This is one of my favorite Cary Grants behind NOTORIOUS ( I find it very strange but romantic) and BRINGING UP BABY (another great directing job by Hawks). Russell and Grant have great chemistry and timing together. She was definitely underrated as an actress, always great be it in drama like SISTER KENNY or more comedy like THE WOMEN.

A perfect film, down to the casting of each crusty character. 'His Gal Friday' is always a joy to watch.

Ooh, no, I haven't seen "Monkey Business" but will have to look into it!

This is such an inspiring movie for ink-stained wretches. Everyone is so passionate about their work, yelling into those fantastic 1940 telephones. I love the grin on Rosalind's face when she calls Walter to give him the scoop and concludes "Ain't it a pip?" Now we just sit around the newsroom blogging all day!

I was a Girl Reporter, too, and learned to type on an old manual in a newsroom--I still pound the keys so hard I wear off the letters in a month or two.

At the old El Lay Examiner it was a big day for the guys in the newsroom when the "professional ladies" in the Case Hotel across the street forgot to draw their blinds. And once in a while somebody like John Carradine would sweep into the newsroom, wearing a cape, climb onto a desk and declaim Shakespeare. Once, Tony Curtis came in person to personally plant a news release. He was plugging his 1957 film "Sweet Smell of Success" wherein he plays a flack.

I have seen this movie about a hundred times, and I always find something new, either in the dialogue or the 'business' that goes on between Grant and whomever is in the scene with him. I also noticed something that was very much of the period-the several racial comments and pictures. In the courthouse pressroom, there is a 'sambo' picture on the wall, and a comment by a newsman regarding a 'pickininney'(sp?). As I said, things like this were part of the day, and I don't think it should be 'whitewashed' or edited out. Just makes me realize how far we've come.
And I also love the quick pace of the dialogue-I wonder how much was improvised as Grant was very good at it (as in "Philadelphia Story" champagne scene with Jimmy Stewart). This was a very well received Ben Hecht/Charles MacArthur play "The Front Page" before its first turn as a movie with Adolph Menjou and Pat O'Brien in the early '30's. I personally enjoy watching the staging. Just a great movie. Thanks for sharing this!

Howard Hawks and Hal Ashby are our favorite Directors not just for their skill but for their reach. Each of their films are quite different from all their other films. Hero and villain, winner and loser are interchangeable terms in their work.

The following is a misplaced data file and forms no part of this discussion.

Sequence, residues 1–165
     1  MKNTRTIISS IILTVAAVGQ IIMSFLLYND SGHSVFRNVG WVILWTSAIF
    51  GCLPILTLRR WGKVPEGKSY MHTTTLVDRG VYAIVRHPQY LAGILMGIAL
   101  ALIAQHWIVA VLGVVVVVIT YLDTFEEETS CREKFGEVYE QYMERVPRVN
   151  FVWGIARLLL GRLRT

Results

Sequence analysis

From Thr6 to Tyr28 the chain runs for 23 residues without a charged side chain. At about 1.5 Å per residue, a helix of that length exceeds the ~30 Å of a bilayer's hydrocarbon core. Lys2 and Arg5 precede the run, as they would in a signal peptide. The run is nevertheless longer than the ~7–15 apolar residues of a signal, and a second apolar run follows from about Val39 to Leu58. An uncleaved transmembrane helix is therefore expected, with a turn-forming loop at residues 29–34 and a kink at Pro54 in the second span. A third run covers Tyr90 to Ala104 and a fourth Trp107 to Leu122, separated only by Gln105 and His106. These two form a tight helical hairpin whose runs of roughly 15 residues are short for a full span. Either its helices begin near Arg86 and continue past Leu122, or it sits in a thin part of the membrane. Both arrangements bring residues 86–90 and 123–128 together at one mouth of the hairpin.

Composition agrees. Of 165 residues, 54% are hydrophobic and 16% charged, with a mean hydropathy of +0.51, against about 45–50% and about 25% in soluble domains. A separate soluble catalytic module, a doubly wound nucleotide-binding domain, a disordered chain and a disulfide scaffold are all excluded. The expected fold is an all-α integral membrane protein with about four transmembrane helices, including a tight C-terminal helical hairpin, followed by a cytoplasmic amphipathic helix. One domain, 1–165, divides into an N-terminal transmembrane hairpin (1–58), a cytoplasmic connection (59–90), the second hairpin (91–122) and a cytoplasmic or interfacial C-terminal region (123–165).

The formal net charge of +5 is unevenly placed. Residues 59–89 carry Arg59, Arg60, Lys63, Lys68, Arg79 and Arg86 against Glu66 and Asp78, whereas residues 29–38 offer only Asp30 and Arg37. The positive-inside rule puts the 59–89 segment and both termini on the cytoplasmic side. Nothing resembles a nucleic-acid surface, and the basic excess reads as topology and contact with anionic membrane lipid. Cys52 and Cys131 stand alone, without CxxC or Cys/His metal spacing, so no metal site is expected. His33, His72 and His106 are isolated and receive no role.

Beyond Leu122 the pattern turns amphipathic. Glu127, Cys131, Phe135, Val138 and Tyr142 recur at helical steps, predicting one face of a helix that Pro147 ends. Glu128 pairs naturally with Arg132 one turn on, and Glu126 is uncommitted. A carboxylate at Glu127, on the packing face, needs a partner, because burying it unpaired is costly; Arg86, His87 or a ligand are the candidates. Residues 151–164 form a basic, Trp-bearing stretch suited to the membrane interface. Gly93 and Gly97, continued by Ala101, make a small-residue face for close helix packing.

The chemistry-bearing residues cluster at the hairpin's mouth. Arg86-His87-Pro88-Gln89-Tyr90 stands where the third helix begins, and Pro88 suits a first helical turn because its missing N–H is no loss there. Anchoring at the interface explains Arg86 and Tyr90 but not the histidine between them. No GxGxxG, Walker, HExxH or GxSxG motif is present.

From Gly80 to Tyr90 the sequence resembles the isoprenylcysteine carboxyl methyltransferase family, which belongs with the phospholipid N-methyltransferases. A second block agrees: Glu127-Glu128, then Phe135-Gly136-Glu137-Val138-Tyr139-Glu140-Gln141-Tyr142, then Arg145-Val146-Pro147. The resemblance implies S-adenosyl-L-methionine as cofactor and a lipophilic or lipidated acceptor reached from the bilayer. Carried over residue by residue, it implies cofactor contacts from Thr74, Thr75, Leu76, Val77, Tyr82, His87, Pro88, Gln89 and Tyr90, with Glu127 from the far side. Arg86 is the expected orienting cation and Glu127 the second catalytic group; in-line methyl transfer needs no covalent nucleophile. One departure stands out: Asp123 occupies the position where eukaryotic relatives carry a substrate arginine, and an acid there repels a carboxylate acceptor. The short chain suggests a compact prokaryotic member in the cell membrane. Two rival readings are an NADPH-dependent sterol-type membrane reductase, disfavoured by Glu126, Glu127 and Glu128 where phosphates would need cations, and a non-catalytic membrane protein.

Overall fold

Double-bill "The Front Page" and "Only Angels Have Wings" . The dialog AND the humanity are phenomenal!

Wonderful movie. The dialogue is so clever and Grant and Russell are perfect.

It seems unthinkable not to mention the contribution of Ben Hecht & Charles MacArthur the playwrights and screenwriters of HGF and Notorious and even dialogue on Cary Grant's Gunga Din and so many other of his movies. They were giants of cinema screenwriting, forgotten little over half a century later.

I just got done watching this great classic on MovieFlix.com

Thanks for the photos and the quotes! As a relative whippersnapper, I had no idea Ralph Bellamy had been so hot.

Sorry, Anne, but the performances here weren't "scintillating", they were irritating. The actors spend the whole flick delivering too many lines at manic top speed, screaming and yelling, apparently to generate the feeling of excitement for the theater audience. I found it distracting and annoying, like Roger Rabbit, but perhaps breathing some life into an unlikely story. This movie is strictly for Cary Grant fans who feel they must seem absolutely everything he's done, for better or, in this case, worse...

Rich, I feel exactly that way about "Arsenic and Old Lace"! I've only seen it once but I fell asleep about midway through, and every time I woke up Cary Grant was making the same bug-eyed face. (I watched it again the next night and it wasn't any better.)

mambo chicken, thanks for the shout-out to the writers. The performers are wonderful but this movie would be nothing without all the great lines: the writers are what make it.